The Week in Theater: Carol Brady and Shirley Partridge, Together at Last

TV ladies will sing for you in Indiana, while a Dutch money company will tell you when you are allowed to sing "I Cain't Say No", which is a bit scary.

  • Mary Stuart, the Donmar transplant directed by Phyllida Lloyd, sounds terrific, and not just for the awesome-looking onstage rainstorm.
  • Another English exchange student, Alan Ackybourn's The Norman Conquests trilogy at Circle In the Square, was well-received too, though 1970's British sex farce doesn't exactly thrill this roundupper.
  • If you want to see The Nanny Diaries done by one lady, onstage, and apparently done well, go see Exit Cuckoo at the Clurman.
  • Should a white person direct any of August Wilson's plays? Wilson didn't think so, but his late wife signed off on the hiring of Bartlett Sher for the strongly reviewed Joe Turner revival on Broadway right now. Were a dead man's wishes unhonored?
  • Speaking of dead theater geniuses, the estates of Richard Rodgers and Oscar Hammerstein have sold the rights to the duo's musicals—The Sound of Music, South Pacific, Rent (not actually)—to a Dutch pension fund. The CEO of the fund, Imagem, says that he "see[s] musicals as a very big growth area for investment," which, um, if people are turning to stage musicals to make money, then you know your world economy is fucked.
  • If you are lucky enough to be in Indianapolis at the end of November, do yourself a favor and go see Shirley Jones and Florence Henderson together in concert.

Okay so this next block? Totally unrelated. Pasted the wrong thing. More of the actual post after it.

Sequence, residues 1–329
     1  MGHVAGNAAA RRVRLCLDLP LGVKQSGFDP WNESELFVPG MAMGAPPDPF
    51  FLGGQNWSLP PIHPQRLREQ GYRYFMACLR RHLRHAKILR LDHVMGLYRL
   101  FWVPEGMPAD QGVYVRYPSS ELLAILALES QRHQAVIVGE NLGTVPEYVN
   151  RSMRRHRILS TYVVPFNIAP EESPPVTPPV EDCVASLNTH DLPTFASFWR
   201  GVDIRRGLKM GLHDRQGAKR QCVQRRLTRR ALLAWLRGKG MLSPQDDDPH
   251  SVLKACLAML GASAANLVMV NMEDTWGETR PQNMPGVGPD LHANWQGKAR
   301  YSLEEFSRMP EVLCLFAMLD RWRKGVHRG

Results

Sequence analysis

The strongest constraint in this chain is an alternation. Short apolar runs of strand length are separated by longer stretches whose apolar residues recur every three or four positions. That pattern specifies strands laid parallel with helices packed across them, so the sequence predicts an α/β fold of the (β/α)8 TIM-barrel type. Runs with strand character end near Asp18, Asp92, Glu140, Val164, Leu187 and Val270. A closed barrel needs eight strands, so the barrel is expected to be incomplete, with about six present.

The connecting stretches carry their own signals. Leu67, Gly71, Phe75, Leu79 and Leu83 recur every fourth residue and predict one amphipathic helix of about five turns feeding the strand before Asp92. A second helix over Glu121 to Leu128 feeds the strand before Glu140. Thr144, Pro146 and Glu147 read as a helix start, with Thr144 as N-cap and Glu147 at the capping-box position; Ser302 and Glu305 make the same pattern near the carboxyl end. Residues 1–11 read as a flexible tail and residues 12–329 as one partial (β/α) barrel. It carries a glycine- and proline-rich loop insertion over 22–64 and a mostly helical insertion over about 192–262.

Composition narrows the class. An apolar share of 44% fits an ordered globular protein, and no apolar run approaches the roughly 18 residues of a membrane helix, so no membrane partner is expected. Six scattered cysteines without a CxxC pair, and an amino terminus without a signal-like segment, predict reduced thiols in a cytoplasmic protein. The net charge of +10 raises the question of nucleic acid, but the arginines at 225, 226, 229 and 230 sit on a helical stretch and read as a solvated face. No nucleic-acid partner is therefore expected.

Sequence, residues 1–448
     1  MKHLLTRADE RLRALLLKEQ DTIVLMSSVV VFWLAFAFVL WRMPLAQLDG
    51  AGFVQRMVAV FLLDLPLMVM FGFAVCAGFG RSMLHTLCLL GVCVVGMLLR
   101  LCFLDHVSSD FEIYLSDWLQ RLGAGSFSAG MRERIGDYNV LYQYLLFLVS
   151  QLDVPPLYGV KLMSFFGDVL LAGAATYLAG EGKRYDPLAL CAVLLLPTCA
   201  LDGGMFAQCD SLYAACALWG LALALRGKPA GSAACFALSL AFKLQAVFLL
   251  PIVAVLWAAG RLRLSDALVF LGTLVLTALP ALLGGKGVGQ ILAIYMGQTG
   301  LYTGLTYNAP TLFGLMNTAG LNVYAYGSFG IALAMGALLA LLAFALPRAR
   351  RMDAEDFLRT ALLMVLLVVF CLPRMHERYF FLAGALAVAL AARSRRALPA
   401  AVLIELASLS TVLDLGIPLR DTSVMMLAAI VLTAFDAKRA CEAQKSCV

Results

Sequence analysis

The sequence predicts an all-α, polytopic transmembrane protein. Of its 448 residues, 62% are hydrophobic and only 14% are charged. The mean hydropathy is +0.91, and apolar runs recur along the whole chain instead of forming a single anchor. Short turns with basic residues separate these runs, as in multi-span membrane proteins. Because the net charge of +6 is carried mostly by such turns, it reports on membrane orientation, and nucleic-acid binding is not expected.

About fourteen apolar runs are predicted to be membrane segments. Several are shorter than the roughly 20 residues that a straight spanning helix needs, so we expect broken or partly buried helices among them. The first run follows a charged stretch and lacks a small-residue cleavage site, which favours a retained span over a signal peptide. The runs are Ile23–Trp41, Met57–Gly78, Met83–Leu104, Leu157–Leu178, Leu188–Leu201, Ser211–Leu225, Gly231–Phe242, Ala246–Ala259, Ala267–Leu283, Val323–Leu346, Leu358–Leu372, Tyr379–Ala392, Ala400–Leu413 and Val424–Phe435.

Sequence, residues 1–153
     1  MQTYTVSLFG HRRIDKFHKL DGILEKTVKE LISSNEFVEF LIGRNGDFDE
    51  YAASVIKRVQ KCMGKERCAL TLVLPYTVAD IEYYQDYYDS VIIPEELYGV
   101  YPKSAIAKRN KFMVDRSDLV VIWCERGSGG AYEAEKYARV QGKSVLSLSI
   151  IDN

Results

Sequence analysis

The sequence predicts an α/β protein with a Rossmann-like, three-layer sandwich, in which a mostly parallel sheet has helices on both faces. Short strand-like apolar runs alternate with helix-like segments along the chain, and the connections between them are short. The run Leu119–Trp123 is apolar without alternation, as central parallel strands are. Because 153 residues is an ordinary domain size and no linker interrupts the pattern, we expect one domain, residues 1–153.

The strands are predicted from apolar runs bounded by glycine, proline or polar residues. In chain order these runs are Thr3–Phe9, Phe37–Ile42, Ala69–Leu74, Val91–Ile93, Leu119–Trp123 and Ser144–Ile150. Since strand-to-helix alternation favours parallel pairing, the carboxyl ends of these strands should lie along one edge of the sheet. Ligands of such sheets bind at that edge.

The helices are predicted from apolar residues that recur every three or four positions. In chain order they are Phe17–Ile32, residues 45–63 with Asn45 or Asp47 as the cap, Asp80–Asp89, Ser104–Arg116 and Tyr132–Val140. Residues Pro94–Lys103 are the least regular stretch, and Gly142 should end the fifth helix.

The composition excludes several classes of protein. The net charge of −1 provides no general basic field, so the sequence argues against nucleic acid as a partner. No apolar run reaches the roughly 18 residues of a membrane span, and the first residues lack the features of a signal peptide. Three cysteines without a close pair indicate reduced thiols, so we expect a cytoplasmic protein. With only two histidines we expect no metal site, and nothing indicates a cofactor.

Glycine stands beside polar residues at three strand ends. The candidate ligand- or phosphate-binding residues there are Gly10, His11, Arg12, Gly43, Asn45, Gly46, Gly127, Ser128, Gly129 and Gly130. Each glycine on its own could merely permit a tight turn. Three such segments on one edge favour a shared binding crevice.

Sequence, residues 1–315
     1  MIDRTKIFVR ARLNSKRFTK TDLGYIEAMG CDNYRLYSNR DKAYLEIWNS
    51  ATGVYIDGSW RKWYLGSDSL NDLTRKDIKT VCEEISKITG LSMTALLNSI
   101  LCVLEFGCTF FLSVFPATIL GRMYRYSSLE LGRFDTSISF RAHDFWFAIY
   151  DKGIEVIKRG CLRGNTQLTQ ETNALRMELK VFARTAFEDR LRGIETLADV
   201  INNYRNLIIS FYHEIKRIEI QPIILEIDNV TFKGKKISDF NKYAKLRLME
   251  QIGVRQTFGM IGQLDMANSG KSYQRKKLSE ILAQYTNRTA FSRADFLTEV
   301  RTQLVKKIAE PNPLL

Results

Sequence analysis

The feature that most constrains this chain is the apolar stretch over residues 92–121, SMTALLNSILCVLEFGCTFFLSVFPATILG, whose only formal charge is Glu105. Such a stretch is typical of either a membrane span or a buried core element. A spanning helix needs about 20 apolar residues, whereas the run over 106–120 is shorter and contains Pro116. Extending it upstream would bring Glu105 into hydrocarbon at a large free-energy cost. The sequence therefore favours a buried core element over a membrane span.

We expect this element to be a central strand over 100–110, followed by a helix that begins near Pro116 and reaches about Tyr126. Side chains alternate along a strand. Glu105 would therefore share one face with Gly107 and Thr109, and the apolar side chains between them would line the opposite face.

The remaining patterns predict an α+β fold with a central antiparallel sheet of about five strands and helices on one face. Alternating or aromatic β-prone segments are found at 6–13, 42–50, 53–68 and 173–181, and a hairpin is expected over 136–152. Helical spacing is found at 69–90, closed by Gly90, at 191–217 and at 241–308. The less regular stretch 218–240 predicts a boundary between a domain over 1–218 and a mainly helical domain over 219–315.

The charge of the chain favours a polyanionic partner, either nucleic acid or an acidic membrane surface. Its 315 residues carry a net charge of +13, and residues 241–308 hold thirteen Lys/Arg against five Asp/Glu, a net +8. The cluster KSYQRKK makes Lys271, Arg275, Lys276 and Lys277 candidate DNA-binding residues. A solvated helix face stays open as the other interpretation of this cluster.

• Oohh Broadway Week on Regis & Kelly. Aren't you excited?
  • Oh good. Someone's given poor Andrea McArdle work down in Florida.
  • It begins. Outer Critics Circle Award nominations have been announced, meaning we're just one short month away from that most dreaded, feared, and delightful New York evening, the Tony Awards.
  • Speaking of the outer circle, in Los Angeles you might want to steer away from The Seafarer at the Geffen. While lauded on B'way in 2007, this production of the great Conor McPherson's drunk Irishmen telling stories play sounds a bit less than seaworthy. In Boston you can be artsy but a little creepy by going to the Zeitgeist's mounting of teen sex cautionary tale Spring Awakening. No, not the full-of-itself musical. The actual old-ass play. Oh, and do take the wig down from the shelf and go see Hedwig and the Angry Itch at the American Theater Company in Chicago.